The BROWN FAIRY BOOK - online childrens book

A Collection of Illustrated classic fairy tales for children by Andrew Lang

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On his way home he met the monkey. ' Are you fond of milk ?' asked he. 'I know a place where you get it very nice. I will show you it if you like.' The monkey knew that the puma was not so good-natured for nothing, but he felt quite able to take care of himself, so he said he should have much pleasure in accompanying his friend.
They soon reached the same river, and, as before, the puma remarked: ' Friend monkey, you will find it very shallow ; there is no cause for fear. Jump in, and I will follow.'
' Do you think you have the stag to deal with ? ' asked the monkey, laughing. ' I should prefer to follow; if not I shall go no further.' The puma understood that it was useless trying to make the monkey do as he wished, so he chose a shallow place and began to swim across. The monkey waited till the puma had got to the middle, then he gave a great spring and jumped on his back, knowing quite well that the puma would be afraid to shake him off, lest he should be swept away into deep water. So in this manner they reached the bank.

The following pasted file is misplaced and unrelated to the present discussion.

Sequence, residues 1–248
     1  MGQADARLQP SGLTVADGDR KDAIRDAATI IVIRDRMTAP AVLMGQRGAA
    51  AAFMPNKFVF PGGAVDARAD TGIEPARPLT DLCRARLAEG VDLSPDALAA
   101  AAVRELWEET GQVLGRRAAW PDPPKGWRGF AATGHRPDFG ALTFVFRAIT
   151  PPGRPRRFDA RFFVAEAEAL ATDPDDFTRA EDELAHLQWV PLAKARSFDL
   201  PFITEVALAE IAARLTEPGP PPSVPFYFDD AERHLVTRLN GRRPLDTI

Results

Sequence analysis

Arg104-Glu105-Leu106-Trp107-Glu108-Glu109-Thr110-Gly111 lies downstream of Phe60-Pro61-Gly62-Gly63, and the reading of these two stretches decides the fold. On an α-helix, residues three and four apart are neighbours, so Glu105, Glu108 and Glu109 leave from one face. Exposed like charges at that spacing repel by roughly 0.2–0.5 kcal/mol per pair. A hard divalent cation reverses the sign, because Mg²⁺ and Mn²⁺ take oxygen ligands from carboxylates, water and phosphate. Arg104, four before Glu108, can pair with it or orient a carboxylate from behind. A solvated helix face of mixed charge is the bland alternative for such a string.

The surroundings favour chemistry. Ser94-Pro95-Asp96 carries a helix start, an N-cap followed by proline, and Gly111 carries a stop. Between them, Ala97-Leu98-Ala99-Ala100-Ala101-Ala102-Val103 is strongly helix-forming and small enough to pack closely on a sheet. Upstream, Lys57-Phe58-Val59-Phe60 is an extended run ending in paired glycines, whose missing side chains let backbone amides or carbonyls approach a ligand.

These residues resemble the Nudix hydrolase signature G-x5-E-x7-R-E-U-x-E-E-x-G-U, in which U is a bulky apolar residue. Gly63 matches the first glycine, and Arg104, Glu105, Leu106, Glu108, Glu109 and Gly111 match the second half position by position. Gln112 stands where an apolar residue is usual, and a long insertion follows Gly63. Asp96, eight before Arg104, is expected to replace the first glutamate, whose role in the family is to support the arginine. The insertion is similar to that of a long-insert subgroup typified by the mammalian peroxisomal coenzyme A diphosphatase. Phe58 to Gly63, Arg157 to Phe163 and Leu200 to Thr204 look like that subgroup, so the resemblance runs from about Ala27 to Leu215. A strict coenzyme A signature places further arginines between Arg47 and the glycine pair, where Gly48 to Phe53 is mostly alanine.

The banana grove was not far distant, and here the puma thought he would pay the monkey out for forcing him to carry him over the river. ' Friend monkey, look what fine bananas,' cried he. ' You are fond of climbing; suppose you run up and throw me down a few. You can eat the green ones, which are the nicest, and I will be content with the yellow.'
' Very well,' answered the monkey, swinging himself up; but he ate all the yellow ones himself, and only threw down the green ones that were left. The puma was furious and cried out: ' I will punch your head for that.' But the monkey only answered : ' If you are going to talk such nonsense I won't walk with you.' And the puma was silent.
In a few minutes more they arrived at the field where
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